|Bid||0.00 x 900|
|Ask||0.00 x 1100|
|Day's range||202.15 - 207.88|
|52-week range||88.09 - 236.86|
|Beta (5Y monthly)||1.18|
|PE ratio (TTM)||22.77|
|Earnings date||25 Apr 2023 - 01 May 2023|
|Forward dividend & yield||N/A (N/A)|
|1y target est||219.71|
The market may have some answers post-Fed decision, but things are still on edge.
We heard a lot from TikTok’s CEO and lawmakers today, but what do influencers think about a potential ban? Makeup content creator Marjan Tabibzada joined Yahoo Finance to share how she thinks a TikTok ban could impact her business. Tabibzada told Yahoo Finance that a full U.S. ban wouldn't impact her income drastically, saying "20 to 30% if anything, but at the end of the day, the value is in the content creator." Additionally, Tabibzada explains the impact won't only be monetary, but personal as well, telling Yahoo Finance "my biggest concern about a potential TikTok ban as a creator is just seeing all the time and effort that I've put into building a community on TikTok go away." Watch the full interview with Seana Smith and Dave Briggs here. Key video moments 00:00:00 On her biggest concern 00:00:30 On impact to her income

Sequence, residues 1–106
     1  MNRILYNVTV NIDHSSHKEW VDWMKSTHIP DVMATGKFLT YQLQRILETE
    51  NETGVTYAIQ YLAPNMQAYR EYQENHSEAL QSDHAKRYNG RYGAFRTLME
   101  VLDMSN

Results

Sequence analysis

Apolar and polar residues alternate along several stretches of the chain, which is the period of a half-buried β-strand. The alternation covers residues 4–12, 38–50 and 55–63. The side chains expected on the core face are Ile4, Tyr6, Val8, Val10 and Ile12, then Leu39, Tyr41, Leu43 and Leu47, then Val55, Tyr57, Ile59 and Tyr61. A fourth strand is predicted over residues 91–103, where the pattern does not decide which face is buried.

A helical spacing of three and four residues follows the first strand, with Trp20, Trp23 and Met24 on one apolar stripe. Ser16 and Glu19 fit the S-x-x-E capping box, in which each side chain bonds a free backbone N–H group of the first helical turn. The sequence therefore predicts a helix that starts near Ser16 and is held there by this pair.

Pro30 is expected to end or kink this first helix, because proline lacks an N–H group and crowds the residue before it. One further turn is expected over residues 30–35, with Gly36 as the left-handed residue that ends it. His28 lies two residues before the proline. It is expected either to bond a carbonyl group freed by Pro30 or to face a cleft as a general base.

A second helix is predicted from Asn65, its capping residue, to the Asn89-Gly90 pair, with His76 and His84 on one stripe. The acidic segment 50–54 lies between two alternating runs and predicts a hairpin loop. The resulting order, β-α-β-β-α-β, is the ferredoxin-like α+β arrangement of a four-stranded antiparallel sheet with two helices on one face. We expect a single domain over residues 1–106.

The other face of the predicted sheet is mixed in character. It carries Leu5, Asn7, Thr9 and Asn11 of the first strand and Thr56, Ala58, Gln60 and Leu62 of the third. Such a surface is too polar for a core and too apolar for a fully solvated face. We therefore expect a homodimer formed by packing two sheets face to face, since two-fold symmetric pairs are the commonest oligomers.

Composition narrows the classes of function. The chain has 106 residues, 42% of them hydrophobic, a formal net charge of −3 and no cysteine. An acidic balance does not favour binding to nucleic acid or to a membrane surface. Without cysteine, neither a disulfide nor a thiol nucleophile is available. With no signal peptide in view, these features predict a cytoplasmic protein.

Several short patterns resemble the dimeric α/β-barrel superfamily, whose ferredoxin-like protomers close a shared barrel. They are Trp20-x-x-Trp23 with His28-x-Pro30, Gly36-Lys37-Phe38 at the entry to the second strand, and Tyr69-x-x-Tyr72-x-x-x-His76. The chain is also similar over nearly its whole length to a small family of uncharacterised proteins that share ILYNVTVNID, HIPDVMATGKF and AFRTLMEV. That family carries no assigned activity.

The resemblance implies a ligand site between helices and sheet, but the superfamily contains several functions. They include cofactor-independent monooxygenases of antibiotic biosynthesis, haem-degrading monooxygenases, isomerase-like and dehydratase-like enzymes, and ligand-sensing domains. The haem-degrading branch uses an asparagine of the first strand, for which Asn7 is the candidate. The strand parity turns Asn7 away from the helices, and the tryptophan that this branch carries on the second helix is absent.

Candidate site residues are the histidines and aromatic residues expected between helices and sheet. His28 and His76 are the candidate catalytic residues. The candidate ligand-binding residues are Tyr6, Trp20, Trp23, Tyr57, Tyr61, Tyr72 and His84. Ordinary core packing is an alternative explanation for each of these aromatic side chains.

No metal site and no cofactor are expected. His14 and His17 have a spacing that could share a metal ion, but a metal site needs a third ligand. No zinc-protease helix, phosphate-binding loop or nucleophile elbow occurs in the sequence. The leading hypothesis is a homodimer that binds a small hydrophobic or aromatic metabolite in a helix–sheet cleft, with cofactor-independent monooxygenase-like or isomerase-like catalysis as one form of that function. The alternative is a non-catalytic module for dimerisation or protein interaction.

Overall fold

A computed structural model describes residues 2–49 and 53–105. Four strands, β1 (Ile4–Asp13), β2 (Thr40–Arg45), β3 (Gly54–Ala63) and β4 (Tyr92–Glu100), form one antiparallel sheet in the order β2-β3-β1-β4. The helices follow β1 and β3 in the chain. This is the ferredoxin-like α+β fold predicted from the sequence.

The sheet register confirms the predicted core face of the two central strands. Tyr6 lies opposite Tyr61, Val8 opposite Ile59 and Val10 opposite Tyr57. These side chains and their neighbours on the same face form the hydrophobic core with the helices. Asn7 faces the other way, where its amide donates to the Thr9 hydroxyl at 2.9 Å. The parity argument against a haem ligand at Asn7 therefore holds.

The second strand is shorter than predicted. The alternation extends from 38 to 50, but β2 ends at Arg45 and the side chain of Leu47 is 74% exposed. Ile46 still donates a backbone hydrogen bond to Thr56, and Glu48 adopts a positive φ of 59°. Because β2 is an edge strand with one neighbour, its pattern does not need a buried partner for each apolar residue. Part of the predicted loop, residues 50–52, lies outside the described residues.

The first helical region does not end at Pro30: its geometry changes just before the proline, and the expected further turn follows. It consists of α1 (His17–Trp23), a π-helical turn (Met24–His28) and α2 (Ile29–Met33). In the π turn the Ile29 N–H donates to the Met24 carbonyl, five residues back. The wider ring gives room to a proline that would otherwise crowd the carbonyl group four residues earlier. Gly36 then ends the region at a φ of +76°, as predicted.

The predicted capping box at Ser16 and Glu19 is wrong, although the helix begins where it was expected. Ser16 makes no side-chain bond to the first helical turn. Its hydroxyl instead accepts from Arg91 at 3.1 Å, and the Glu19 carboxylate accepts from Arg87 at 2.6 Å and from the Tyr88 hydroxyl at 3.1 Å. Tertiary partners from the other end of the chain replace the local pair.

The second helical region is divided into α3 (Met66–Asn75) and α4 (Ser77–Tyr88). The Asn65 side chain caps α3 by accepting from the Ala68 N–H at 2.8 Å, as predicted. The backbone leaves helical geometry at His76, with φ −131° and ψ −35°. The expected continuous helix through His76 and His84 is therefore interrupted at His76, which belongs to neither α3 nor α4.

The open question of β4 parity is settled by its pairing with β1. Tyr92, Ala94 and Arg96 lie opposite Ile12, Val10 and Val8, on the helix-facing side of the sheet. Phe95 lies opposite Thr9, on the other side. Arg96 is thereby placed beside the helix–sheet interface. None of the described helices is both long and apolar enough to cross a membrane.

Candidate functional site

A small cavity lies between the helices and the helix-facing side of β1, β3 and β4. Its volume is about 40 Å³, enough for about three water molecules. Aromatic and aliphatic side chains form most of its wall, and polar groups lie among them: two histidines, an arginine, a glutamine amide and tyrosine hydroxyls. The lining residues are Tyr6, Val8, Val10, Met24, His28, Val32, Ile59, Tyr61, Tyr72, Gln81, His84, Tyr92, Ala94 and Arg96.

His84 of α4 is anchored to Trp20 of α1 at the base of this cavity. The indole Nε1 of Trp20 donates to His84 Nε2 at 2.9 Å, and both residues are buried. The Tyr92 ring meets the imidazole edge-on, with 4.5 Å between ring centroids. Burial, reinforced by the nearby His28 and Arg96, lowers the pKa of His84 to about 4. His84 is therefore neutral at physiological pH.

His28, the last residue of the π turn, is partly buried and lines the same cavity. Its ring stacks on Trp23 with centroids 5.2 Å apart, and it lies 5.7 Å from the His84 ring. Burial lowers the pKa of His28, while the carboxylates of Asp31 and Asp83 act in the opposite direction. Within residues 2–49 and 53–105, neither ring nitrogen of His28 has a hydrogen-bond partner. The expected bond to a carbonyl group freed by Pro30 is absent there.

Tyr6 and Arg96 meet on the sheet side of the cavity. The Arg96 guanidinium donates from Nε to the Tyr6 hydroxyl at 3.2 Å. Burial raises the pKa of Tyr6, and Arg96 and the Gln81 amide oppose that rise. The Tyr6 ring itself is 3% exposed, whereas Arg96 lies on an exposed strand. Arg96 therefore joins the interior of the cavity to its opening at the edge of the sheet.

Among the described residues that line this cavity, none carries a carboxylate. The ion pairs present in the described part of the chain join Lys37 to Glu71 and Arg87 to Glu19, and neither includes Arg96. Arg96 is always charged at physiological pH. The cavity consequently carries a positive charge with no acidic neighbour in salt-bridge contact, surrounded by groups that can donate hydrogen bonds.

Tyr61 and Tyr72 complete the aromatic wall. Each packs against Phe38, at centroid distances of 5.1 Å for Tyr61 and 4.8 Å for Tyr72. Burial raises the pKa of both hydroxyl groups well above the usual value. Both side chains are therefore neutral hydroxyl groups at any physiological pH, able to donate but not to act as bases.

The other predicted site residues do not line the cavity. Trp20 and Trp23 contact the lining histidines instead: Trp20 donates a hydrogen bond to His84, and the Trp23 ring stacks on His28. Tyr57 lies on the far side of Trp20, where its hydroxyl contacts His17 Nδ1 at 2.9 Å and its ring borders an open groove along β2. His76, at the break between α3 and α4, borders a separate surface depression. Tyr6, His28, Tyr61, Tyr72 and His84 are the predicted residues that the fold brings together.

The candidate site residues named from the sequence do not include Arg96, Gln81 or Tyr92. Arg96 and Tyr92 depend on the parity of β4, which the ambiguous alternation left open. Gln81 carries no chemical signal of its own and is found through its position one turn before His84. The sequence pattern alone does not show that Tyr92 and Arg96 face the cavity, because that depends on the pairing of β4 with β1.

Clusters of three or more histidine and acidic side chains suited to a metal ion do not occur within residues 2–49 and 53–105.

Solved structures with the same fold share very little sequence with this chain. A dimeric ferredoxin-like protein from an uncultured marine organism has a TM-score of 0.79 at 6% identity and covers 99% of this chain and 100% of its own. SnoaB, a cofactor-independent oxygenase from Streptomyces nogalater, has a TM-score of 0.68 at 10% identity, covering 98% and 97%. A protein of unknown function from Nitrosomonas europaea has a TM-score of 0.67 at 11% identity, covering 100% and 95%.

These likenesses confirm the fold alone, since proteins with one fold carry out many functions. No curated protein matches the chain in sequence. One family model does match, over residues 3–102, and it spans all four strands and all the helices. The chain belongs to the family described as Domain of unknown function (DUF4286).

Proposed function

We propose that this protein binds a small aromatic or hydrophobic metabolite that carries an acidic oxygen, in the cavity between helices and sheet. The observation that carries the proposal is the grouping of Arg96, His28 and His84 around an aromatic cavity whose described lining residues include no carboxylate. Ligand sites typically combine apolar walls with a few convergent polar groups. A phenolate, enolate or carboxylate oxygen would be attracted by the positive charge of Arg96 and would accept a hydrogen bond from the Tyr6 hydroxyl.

Lawmakers are driving forward possible legislation restricting or banning TikTok over fears the social media app could be weaponized. "This app preys on children," Keith Krach, chairman of the Krach Institute for Tech Diplomacy at Purdue, tells Yahoo! Finance. Krach, who served as former under secretary of state in the Trump administration, says the app monitors private information like bank records and location data. The app, which is ultimately owned by Chinese company ByteDance, has also seen criticism for allegations of censorship, access of U.S. user data, and propaganda concerns. TikTok's ownership has made it a long-running target by the U.S. government, with the Trump Administration saying in 2020 it would ban the app. TikTok CEO Shou Chew testified before Congress today in the hopes of addressing some of these concerns. The executive said TikTok pledged commitments in four key areas: it would keep teenager safety a top priority, prevent unauthorized foreign access of U.S. user data, commit to free expression, and will be transparent and give access to monitors. Critics say the commitments do not go far enough. "This app is built to be weaponized," says Keith Krach, chairman of the Krach Institute for Tech Diplomacy at Purdue. "It is built to be addicting. It's disguised as candy, but it's really cocaine." Above, Yahoo! Finance's Jared Blikre spoke to Krach. Watch the full interview here. Key video moments: 00:00:23 - "They can see your bank records, they can see your health records." 00:00:45 - "This app is built to be weaponized." 00:01:38 - "Any Chinese company ... has to turn over any information"